If one day is not enough, one can also have a colonial dinner or stay the night at Vila Rosa. Check out Vila Rosa’s official website for more information.

Itacaré’s Fairy God Mother, Ronara Santos

By Lala the Sunchaser.

Do you believe in fairy tales? The longer I stay in Itacaré, the more I believe.

Some days I feel as though I’m in a dream or on a movie set in paradise. But it’s not only the natural beauty that evokes these feelings, it’s the people who live here too. For the past five months, I’ve been volunteering with an organization called Punho Forte which loosely translates to Fight Back. Punho Forte is a non-profit before and after school program that promotes education, optimal health, foreign language development, and extracurricular activities. Ronara Santos, Professor of Basic Education Studies for sixteen years, is the fairy God Mother at Punho Forte. I was surprised to hear that she’s only been working with them for one year. It’s as if she has been there since the beginning. The children adore her!
ronara_kidsWhat is your first memory of Itacaré?

I arrived during my adolescent years (22 years ago), I remember meeting my friends at the Praça de São Miguel near the big church. I also remember how peaceful it felt. There was hardly any violence back then.
churchWhere do you live and with whom?
I have lived on Pituba 3 for the past ten years with my daughter and my dog, Bigu (short for Bigurrilho which means little fragile thing). A most-fitting name indeed.
What do you enjoy doing in your free time?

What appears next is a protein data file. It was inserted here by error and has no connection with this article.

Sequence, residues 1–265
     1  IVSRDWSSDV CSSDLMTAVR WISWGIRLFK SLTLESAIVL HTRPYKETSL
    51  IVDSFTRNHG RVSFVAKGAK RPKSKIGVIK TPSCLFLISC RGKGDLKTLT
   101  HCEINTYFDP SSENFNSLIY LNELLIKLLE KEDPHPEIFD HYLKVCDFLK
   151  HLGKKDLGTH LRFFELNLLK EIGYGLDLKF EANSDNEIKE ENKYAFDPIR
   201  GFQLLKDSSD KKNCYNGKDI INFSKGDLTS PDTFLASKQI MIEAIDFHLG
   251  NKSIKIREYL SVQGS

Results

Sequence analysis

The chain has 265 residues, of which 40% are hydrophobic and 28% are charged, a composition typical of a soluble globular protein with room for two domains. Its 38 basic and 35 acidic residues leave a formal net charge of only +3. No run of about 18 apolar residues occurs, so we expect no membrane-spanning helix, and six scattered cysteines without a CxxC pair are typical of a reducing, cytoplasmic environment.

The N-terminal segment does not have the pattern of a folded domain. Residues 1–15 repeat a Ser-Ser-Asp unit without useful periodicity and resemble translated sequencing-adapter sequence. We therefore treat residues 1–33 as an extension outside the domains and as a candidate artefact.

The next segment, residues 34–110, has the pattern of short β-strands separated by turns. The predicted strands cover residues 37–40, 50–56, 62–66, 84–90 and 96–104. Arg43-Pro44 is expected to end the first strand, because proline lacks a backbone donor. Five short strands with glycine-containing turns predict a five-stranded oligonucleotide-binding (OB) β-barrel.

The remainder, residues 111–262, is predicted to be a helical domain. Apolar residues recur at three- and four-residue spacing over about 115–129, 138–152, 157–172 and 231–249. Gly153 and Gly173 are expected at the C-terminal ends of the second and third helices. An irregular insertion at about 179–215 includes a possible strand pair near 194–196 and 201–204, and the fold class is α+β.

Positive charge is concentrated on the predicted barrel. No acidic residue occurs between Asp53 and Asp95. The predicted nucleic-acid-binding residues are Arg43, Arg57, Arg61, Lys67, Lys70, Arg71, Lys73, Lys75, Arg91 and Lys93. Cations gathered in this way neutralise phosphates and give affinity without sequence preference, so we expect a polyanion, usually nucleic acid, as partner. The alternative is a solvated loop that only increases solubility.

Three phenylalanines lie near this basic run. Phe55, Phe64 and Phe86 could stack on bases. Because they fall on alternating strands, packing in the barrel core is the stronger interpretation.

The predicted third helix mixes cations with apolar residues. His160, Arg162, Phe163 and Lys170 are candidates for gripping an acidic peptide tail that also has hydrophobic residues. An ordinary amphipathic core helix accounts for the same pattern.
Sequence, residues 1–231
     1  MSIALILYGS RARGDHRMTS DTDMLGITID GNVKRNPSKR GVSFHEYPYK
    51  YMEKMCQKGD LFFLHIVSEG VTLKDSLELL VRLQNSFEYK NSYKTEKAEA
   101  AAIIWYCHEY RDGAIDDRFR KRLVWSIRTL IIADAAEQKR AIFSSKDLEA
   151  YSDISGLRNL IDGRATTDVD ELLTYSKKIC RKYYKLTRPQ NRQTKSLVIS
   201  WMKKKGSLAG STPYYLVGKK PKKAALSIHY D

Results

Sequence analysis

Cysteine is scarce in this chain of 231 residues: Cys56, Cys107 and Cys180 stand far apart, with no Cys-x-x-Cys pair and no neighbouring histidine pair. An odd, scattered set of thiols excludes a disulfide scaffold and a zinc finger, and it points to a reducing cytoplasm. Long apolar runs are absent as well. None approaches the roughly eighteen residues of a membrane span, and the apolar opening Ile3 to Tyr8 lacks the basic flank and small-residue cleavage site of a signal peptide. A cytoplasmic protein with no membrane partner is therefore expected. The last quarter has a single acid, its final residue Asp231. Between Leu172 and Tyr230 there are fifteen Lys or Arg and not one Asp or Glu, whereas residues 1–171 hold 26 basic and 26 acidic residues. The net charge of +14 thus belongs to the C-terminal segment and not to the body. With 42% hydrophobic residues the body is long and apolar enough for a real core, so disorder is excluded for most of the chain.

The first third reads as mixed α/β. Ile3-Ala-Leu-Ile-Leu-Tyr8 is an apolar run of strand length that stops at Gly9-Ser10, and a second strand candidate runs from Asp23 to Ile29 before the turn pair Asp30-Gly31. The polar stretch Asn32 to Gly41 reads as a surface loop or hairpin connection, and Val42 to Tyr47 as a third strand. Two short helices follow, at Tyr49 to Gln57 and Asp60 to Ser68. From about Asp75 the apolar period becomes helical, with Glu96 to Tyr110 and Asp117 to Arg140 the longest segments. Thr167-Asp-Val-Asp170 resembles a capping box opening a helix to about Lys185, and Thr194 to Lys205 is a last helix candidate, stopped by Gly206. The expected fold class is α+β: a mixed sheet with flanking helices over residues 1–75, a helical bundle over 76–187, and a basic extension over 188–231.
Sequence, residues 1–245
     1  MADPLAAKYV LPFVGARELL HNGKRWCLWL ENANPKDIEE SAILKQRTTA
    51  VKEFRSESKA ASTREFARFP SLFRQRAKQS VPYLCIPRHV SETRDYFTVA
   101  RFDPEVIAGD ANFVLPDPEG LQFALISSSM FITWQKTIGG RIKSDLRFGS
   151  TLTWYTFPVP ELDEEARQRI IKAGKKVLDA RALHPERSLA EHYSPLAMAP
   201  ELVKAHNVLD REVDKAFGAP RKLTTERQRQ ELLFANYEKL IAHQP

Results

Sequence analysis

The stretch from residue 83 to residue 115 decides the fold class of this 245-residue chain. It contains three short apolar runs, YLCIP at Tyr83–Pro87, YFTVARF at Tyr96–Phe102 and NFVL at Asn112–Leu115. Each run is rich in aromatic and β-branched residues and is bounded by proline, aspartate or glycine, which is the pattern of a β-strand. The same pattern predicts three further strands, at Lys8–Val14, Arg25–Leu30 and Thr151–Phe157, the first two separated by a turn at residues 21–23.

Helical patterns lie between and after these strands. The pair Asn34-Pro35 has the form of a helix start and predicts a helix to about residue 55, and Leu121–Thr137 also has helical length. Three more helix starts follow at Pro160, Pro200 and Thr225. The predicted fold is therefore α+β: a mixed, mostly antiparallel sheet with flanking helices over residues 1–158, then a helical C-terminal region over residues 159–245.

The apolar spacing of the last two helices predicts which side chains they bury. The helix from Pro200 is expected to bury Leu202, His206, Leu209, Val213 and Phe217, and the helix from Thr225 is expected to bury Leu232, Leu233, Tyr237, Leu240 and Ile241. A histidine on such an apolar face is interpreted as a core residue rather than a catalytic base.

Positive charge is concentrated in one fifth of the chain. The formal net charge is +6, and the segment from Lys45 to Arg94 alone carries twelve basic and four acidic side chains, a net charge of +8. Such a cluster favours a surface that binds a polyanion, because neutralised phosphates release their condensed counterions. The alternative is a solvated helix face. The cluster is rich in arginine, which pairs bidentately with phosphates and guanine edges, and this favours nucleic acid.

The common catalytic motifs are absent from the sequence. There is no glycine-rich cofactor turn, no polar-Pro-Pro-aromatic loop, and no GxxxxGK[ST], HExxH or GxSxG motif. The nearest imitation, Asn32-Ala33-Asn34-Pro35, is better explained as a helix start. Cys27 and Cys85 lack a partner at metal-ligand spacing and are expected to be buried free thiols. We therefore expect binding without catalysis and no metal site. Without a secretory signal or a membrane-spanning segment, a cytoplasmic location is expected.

Singing, painting, sewing (she made the dresses for the holiday, São João, using left over junk food packaging), and any thing related to the arts.

What is your favorite type of music and who are some of your favorite artists or singers?
I love Brazilian Popular Music (M.P.B.). My favorite singers in this category are Marisa Monte and Vanessa da Mata. I also love the classic singers … Maria Bethania, Gal Costa, Roberta Sa, and Djavan … she kept rattling on names until I had to stop her … then she blurted out, oh and my favorite samba musician is Nelson Cavaquinho. Look on the internet for his music, you will love it!

If you had three wishes, what would they be?
1) That my children grow to be independent and well-formed in society.
2) That I have the energy to help others more.
3) I also wish to learn how to reciprocate more, and be less egotistical in the process.
What do you hope for the future of Itacaré? Taking an enormous deep breath: Our government and the people must get better at organizing the small things … being better administrators. The main areas that need support are education, maintaining and enriching our culture, security (for locals and tourists), and better health care.
Itacaré may be paradise but let’s just say I would never want to get seriously injured here.